Marvin Repinski: Some time — just step back from the problem
Published 5:13 pm Friday, December 30, 2022
A Prayer for the New Year:
Our heavenly Father, who by thy love hast made us, and through thy love hast kept us, and in thy love wouldst make us perfect; we humbly confess that we have not loved thee with all our heart and soul and mind and strength, and that we have not loved one another as Christ hath loved us. Thy life is within our souls, but our selfishness hath hindered thee. We have not lived by faith. We have resisted thy Spirit. We have not lived by faith. We have resisted thy Spirit. We have neglected thine inspirations. Forgive what we have been; help us to amend what we are; and in thy Spirit direct what we shall be; that thou mayest come into the full glory of thy creation, in us and in all men; through Jesus Christ our Lord. Amen.
Under three themes for the coming days, our hearts are both thankful and challenged.
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Compassion: My memories from the years of serving as a pastor of several churches in what we call out-state, are sometimes of long travels to nursing homes and hospitals. The joy for me was the graceful acceptance that was shown to me. When Constance Leader pulled me down to her cheek for a kiss, she said, “Pastor, I’m so lonesome here in Ogilvie; you are so nice to come and see me.”
But a larger “nice” was to visit this former Sunday School teacher and choir member. Though now frail, she was not to be a victim. She returned the compassion to me that she had given over time, to dozens of her neighbors in need for their survival.
All of this reminds me of a paragraph written by the author and scholar Karen Armstrong: “Our differences define us, but our common humanity can redeem us. We just have to open our hearts.”
Participation: When I feel inspired, when I wish to go beyond just what is expected, but more, I live with satisfaction. Joy is not a manufactured commodity purchased at Walmart; it is a result. The end of participating is working with others.
In his book “Hymns to an Unknown God,” author and popular retreat leader, Sam Keen, has seized the insight for all of us. The gain in reading and reflecting on these words are worth reading two — even three times!
“What impels a man or woman on this great venture is not the expectation of arrival but a sense of vocation. Something calls my name and demands that I respond. The voice does not say, “Eliminate all suffering and create the heavenly city.” It says, “The gifts you have are needed to heal the disease of your time. You are an architect — shape space carefully to create better buildings and a more humane city for all citizens. You are a banker — work to create a more sustainable economy. You are a farmer — tend the land so it will be fertile for generations to come. You are a physician — attend to the healing of the whole person. You are a cook — prepare meals that delight the palate and nourish the body. You are a parent — take time to enjoy and guide your children. You are a CEO — create and market only those products that increase the common good. You are a soldier — minimize violence, keep the peace, and when you must fight, do so without hatred or the bitterness of revenge. You are a television producer — create stories that dignify, increase empathy, and inspire compassion. And so on.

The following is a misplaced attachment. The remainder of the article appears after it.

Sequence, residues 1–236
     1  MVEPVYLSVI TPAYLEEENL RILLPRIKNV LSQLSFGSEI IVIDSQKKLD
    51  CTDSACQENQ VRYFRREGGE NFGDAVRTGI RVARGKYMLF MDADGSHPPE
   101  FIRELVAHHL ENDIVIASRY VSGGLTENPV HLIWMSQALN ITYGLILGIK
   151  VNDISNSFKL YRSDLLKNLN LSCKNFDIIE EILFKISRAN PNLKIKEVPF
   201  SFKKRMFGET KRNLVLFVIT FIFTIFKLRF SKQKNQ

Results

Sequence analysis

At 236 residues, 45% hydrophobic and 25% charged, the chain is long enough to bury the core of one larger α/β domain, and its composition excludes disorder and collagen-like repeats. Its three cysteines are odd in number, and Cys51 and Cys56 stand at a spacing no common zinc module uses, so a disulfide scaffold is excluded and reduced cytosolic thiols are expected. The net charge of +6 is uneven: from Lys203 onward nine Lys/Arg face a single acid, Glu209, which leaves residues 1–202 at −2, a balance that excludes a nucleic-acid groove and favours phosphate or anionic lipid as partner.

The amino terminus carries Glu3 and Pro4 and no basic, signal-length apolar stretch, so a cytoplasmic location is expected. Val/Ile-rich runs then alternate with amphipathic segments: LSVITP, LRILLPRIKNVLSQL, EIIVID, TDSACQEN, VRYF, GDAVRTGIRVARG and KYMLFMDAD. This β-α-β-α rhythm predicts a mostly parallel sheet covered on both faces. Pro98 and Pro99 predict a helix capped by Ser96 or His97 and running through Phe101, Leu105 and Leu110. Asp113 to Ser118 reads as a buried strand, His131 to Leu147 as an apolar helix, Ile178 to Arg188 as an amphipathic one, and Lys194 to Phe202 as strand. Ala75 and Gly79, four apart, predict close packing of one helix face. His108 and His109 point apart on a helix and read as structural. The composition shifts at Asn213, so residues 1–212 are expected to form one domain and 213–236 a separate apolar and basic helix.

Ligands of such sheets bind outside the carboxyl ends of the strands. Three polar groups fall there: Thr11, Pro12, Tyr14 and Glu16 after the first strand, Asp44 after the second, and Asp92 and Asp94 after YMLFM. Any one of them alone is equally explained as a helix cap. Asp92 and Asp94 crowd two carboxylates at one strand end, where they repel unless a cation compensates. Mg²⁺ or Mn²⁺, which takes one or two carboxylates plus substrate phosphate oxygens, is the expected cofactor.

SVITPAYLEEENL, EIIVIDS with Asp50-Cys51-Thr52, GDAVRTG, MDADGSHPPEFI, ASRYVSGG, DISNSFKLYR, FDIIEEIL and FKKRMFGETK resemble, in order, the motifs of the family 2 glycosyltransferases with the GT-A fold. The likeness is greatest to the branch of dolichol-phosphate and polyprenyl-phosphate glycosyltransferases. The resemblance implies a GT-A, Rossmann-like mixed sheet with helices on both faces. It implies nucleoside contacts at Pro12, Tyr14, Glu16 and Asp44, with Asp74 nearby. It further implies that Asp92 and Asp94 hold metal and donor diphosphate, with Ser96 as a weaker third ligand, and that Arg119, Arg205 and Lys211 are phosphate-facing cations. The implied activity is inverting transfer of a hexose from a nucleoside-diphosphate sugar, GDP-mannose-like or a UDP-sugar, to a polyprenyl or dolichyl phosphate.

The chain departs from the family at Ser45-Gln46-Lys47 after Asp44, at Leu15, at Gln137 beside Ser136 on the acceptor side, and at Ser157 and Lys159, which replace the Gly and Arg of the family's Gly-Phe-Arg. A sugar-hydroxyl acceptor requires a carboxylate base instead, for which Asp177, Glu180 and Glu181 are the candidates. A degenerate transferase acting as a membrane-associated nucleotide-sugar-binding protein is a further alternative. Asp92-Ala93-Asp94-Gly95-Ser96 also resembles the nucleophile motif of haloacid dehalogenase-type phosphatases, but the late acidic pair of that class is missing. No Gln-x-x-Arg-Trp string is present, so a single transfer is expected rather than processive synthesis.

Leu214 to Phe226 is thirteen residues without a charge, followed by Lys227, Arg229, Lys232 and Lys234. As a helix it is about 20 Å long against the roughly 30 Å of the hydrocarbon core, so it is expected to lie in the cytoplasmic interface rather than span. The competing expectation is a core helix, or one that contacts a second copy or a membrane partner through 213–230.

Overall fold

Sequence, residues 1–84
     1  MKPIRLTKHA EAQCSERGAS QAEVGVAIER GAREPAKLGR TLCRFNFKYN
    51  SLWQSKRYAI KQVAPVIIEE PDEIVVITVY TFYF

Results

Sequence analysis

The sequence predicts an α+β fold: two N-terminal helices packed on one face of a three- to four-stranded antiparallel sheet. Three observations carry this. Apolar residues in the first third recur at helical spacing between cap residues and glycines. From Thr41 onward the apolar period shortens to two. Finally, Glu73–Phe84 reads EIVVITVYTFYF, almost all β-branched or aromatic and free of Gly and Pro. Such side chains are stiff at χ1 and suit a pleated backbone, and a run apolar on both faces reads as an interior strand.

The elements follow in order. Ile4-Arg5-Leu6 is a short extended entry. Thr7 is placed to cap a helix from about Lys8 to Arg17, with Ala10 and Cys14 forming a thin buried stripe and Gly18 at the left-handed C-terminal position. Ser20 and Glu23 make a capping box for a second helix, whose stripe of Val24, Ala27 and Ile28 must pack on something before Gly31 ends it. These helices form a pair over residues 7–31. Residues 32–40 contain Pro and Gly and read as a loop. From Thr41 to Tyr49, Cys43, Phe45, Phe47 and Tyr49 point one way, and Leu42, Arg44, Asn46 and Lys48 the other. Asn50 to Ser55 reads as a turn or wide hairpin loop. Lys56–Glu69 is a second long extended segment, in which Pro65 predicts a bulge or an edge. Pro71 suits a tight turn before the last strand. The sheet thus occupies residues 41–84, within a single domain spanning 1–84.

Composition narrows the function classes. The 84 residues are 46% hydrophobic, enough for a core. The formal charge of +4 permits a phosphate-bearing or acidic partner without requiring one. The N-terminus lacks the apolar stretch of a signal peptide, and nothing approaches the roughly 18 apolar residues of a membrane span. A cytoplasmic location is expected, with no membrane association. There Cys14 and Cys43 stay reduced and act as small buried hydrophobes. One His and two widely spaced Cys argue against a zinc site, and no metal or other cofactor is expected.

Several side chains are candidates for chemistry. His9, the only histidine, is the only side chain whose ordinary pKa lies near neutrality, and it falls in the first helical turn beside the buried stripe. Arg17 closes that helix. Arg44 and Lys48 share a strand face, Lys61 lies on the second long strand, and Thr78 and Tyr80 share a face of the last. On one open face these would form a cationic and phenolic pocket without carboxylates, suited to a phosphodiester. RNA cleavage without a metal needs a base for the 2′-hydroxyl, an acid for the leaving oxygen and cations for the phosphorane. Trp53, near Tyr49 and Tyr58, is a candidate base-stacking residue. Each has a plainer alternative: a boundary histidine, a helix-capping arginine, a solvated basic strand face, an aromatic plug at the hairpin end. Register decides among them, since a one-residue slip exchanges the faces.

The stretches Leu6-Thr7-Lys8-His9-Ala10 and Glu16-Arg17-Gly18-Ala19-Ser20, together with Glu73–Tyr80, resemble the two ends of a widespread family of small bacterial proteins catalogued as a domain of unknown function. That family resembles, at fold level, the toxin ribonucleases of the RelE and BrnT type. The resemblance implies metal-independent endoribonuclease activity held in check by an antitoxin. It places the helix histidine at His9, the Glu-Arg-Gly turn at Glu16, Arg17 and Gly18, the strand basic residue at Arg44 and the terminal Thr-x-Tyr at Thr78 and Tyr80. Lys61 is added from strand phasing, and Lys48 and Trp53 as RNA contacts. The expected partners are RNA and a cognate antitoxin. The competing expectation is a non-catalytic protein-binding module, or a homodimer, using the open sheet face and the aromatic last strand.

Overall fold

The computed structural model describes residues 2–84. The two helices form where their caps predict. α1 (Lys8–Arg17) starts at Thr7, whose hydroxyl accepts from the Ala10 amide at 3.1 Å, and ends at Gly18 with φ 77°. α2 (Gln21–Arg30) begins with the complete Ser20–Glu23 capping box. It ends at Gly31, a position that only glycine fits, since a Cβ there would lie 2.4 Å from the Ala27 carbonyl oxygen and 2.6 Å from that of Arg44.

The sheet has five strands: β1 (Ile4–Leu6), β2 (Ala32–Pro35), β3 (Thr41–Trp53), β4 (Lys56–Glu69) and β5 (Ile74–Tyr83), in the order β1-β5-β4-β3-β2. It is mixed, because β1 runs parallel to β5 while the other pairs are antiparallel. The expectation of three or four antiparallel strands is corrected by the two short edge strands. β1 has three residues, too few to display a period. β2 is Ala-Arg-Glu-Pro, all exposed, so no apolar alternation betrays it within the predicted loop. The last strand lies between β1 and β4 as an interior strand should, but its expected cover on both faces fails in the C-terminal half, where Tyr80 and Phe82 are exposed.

Humor: The word I often use in my speaking and writing is ecumenical. In short, it may mean the gathering of various religious communities making decisions that they work with, humor, and expand their understanding of differing religious views. May some laughter, which reflects various marks, practices of people we love, over-stating possibly be at least worth a smile.
Recently, just as an ecumenical gathering was commencing, a secretary rushed in shouting, “The building is on fire!” The Methodists gathered in a corner and prayed. The Baptists cried, “Where is the water?” The Quakers quietly praised God for blessings that fire brings. The Lutherans posted a notice on the door declaring that fire was evil. The Roman Catholics passed the plate to cover the damage. The Jews posted symbols on the doors hoping the fire would pass. The Congregationalists shouted, “Every man for himself.” The Fundamentalists proclaimed, “It’s the vengeance of God!” The Episcopalians formed a procession and marched out. The Christian Scientists concluded that the fire would burn itself out. The Presbyterians appointed a chairperson, who was to appoint a committee to look into the matter and submit a written report. The Unity students proclaimed the fire had no power over them. Some atheists in attendance didn’t believe there was a fire. The secretary grabbed the fire extinguisher and put out the fire. The Mormons, having arrived 15 minutes late, missed the fire completely!
To you and to all, especially supporters of the Austin Daily Herald, A BLESSED NEW YEAR!